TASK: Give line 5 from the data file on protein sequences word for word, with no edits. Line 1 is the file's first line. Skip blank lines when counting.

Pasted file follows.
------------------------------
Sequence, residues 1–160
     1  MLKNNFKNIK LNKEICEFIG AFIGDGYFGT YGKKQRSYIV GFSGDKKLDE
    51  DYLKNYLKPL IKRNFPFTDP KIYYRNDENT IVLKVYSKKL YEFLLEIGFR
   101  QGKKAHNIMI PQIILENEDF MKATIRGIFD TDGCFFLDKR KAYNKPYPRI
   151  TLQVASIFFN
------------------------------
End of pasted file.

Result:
   151  TLQVASIFFN